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Army Corps likely to pay for O.C. repairs Storm damage estimated at $10 million to $30 million


WASHINGTON -- What Mother Nature has taken away, Uncle Sam will probably be putting back.

The federal government will be asked to bear the estimated $10 million to $30 million cost of replacing dunes and sands that kept Saturday's northeaster from thrashing Ocean City's high-rise waterfront, said an official with the U.S. Army Corps of Engineers.

It is "very likely" that top Army officials will approve the plan and repair work could begin as early as April, said Robert W. Lindner, chief of the project development branch with the corps' Baltimore office.

A $45 million, three-year beach replenishment project was all but completed when the storm slammed into the coast. The project, financed with federal, state and local money, constructed dunes and bulkheads and pumped sand along 6 1/2 miles of beach.

But when the storm ended, some 80 percent of the dune was gone. Tests over the next week will determine how much more sand will be needed to replenish the beach. Mr. Lindner said the repair estimates range between $10 million and $30 million.

A 1984 law allows the Army to return such rehabilitation projects to their "pre-storm condition" with the costs picked up by the federal taxpayer. Final approval will come from the Army Corps' Washington headquarters, which will be receiving encouragement from Maryland's elected officials in the coming weeks.

"Once they have the estimates, he'll be in touch with the chief engineer," said a spokesman for Sen. Paul S. Sarbanes, D-Md., whose Democratic colleague, Barbara A. Mikulski, also pledged assistance. "I'm determined to bring all available federal resources Maryland's entitled to to help Ocean City and Assateague recover from the storm," she said.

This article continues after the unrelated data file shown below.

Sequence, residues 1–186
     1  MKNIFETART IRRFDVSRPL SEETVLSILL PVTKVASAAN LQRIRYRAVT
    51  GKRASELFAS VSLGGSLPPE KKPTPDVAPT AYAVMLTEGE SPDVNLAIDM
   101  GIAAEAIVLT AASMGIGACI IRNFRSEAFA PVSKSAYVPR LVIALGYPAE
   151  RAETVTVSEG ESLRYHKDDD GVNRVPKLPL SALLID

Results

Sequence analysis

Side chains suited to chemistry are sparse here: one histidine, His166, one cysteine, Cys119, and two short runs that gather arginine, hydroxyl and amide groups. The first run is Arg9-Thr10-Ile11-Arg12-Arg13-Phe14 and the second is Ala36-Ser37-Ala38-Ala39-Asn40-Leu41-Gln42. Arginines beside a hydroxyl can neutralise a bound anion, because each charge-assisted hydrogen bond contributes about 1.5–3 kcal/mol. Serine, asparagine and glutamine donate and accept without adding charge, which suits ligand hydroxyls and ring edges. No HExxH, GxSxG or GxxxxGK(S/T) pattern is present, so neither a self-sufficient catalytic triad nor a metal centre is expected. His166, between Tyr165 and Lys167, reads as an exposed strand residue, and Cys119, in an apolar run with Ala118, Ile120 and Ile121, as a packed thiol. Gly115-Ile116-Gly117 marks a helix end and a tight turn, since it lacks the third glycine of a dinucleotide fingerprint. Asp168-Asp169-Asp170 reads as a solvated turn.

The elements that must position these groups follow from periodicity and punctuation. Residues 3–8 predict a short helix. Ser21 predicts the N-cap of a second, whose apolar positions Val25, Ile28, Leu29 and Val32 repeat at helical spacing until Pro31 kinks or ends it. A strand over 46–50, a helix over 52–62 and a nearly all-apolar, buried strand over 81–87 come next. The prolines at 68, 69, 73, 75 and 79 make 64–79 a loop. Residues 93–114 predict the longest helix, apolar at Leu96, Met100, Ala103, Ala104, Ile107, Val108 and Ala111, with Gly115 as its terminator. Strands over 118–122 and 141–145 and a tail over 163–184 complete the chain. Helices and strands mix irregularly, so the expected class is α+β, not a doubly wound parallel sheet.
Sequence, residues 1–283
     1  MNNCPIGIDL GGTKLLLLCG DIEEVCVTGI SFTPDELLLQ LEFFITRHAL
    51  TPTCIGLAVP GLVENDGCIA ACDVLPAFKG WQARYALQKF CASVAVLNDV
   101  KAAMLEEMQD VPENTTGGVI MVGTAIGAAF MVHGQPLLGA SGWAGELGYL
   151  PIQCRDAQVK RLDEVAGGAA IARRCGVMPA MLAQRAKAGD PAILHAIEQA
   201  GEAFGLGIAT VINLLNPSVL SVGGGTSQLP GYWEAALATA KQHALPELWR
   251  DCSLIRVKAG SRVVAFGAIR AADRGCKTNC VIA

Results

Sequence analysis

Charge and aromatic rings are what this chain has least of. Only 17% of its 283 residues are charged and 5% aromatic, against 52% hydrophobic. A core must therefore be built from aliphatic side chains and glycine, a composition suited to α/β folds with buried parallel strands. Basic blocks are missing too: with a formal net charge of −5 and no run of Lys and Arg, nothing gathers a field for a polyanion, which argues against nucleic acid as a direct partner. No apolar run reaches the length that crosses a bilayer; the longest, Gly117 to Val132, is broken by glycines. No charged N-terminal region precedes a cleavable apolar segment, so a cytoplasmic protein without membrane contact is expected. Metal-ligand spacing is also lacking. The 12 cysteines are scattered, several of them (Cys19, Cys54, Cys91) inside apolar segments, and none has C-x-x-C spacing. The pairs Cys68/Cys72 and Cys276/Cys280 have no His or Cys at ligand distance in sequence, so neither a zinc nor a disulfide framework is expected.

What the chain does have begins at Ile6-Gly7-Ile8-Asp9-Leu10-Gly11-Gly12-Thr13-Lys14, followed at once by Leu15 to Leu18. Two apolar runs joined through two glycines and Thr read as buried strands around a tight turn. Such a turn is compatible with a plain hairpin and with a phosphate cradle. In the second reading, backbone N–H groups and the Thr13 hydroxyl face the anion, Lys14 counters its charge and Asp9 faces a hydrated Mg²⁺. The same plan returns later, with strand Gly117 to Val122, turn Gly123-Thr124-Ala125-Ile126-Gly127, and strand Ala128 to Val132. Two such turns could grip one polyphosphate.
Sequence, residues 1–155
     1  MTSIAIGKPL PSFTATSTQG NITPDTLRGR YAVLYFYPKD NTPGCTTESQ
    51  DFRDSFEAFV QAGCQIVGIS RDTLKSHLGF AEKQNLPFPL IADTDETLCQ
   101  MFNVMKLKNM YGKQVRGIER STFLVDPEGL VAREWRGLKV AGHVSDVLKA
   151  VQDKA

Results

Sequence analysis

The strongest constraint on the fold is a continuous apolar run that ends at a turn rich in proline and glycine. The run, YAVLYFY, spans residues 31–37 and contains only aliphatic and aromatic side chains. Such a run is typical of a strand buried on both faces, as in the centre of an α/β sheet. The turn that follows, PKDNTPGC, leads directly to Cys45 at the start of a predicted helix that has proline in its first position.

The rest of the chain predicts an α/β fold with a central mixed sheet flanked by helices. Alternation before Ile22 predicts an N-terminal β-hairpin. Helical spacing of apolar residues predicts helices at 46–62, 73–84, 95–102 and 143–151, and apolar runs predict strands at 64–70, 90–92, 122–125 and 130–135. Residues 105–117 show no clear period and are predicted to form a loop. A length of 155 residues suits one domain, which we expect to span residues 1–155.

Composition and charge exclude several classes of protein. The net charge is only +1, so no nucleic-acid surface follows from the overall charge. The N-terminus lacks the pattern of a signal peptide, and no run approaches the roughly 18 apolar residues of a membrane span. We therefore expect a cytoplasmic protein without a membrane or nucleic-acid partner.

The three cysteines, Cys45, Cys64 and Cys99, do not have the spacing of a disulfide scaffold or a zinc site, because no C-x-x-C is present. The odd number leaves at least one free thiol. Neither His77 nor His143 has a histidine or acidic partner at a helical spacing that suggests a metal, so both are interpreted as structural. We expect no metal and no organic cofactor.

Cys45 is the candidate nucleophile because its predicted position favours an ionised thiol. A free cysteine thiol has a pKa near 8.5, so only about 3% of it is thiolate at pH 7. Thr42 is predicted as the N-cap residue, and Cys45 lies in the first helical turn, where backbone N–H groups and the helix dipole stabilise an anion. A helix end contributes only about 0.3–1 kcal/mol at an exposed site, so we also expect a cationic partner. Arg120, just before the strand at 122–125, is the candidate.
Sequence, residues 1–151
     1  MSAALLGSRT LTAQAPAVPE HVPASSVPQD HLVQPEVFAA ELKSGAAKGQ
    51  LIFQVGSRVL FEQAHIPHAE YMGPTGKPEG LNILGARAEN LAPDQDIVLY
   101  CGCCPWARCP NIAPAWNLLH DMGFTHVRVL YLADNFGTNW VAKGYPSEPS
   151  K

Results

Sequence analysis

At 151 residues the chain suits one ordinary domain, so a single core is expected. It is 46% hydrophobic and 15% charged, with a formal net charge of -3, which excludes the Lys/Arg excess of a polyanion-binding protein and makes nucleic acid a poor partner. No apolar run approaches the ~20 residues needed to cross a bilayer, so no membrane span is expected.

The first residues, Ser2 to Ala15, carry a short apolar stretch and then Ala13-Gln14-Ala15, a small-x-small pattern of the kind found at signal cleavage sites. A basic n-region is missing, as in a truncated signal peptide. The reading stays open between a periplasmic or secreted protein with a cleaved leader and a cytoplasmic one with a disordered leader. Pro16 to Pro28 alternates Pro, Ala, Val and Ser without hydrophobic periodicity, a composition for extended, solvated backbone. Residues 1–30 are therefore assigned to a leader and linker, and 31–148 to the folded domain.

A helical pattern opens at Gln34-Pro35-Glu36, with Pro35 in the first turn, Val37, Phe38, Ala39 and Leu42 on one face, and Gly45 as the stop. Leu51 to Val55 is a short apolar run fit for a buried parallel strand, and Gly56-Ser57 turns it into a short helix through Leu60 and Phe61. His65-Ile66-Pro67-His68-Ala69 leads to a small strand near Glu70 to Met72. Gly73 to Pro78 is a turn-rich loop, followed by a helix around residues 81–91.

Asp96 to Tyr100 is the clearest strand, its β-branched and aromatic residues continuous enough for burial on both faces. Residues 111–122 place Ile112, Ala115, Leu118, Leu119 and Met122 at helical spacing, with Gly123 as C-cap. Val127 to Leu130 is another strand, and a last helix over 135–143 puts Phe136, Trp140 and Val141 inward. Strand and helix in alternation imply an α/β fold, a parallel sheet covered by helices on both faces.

Last October, a storm hit Ocean City and caused $6 million in damage to the beach replenishment program, said Mr. Lindner. And the following month, another storm slashed the Army's project. Saturday's storm hit before any estimates could be gathered from the November storm.

But some are wondering whether taxpayers should continue to pick up the tab for projects that mount such a losing battle against Mother Nature. Representative Mike Synar, D-Okla., whose subcommittee oversees the corps of engineers, has criticized the erosion of federal funds on beach erosion projects.

Some experts, such as Duke University geologist Orrin H. Pilkey, who studies developed shorelines, suggests that nature be allowed to take its course by pulling the barrier islands closer to the mainland.

Still, Mr. Lindner and local elected officials -- including Ocean City Mayor Roland "Fish" Powell -- argue that $30 million or $45 million is well spent when it means preserving the $3.5 billion resort. Besides offering a retreat to millions of beach goers, it also provides tens of millions of dollars in sales taxes, property taxes and income taxes.

"The state and federal government would lose far more than that in one season," said Mr. Powell. "Anyone who wants to argue it come on down here."

And Mr. Lindner estimates that without the beach replenishment project, the October storm would have created $32 million in damage to the city. "The project is a good investment," he said.

Two things seem certain at Ocean City. The storms will continue and the federal government -- together with local governments -- will pick up after each one. Even after the beach replenishment project is replenished, there will be another 50 years of "periodic nourishment," said Mr. Lindner, costing $426 million and split between federal, state, local and city governments.

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